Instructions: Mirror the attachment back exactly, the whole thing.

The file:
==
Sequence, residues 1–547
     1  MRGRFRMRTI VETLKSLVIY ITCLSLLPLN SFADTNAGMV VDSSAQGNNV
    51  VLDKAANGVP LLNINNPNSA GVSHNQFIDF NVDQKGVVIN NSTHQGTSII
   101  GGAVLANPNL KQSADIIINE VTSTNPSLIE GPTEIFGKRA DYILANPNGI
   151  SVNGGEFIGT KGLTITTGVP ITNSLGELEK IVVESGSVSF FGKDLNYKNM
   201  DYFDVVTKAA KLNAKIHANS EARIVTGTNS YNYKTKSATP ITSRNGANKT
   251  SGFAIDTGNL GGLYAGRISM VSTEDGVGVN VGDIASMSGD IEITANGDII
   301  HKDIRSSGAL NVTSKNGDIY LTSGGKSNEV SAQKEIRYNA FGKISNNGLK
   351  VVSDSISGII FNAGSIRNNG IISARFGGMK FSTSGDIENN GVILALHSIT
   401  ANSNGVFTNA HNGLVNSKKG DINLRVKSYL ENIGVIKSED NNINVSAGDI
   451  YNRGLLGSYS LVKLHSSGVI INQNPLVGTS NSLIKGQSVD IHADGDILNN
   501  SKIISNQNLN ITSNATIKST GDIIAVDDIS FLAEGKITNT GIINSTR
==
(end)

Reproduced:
Sequence, residues 1–547
     1  MRGRFRMRTI VETLKSLVIY ITCLSLLPLN SFADTNAGMV VDSSAQGNNV
    51  VLDKAANGVP LLNINNPNSA GVSHNQFIDF NVDQKGVVIN NSTHQGTSII
   101  GGAVLANPNL KQSADIIINE VTSTNPSLIE GPTEIFGKRA DYILANPNGI
   151  SVNGGEFIGT KGLTITTGVP ITNSLGELEK IVVESGSVSF FGKDLNYKNM
   201  DYFDVVTKAA KLNAKIHANS EARIVTGTNS YNYKTKSATP ITSRNGANKT
   251  SGFAIDTGNL GGLYAGRISM VSTEDGVGVN VGDIASMSGD IEITANGDII
   301  HKDIRSSGAL NVTSKNGDIY LTSGGKSNEV SAQKEIRYNA FGKISNNGLK
   351  VVSDSISGII FNAGSIRNNG IISARFGGMK FSTSGDIENN GVILALHSIT
   401  ANSNGVFTNA HNGLVNSKKG DINLRVKSYL ENIGVIKSED NNINVSAGDI
   451  YNRGLLGSYS LVKLHSSGVI INQNPLVGTS NSLIKGQSVD IHADGDILNN
   501  SKIISNQNLN ITSNATIKST GDIIAVDDIS FLAEGKITNT GIINSTR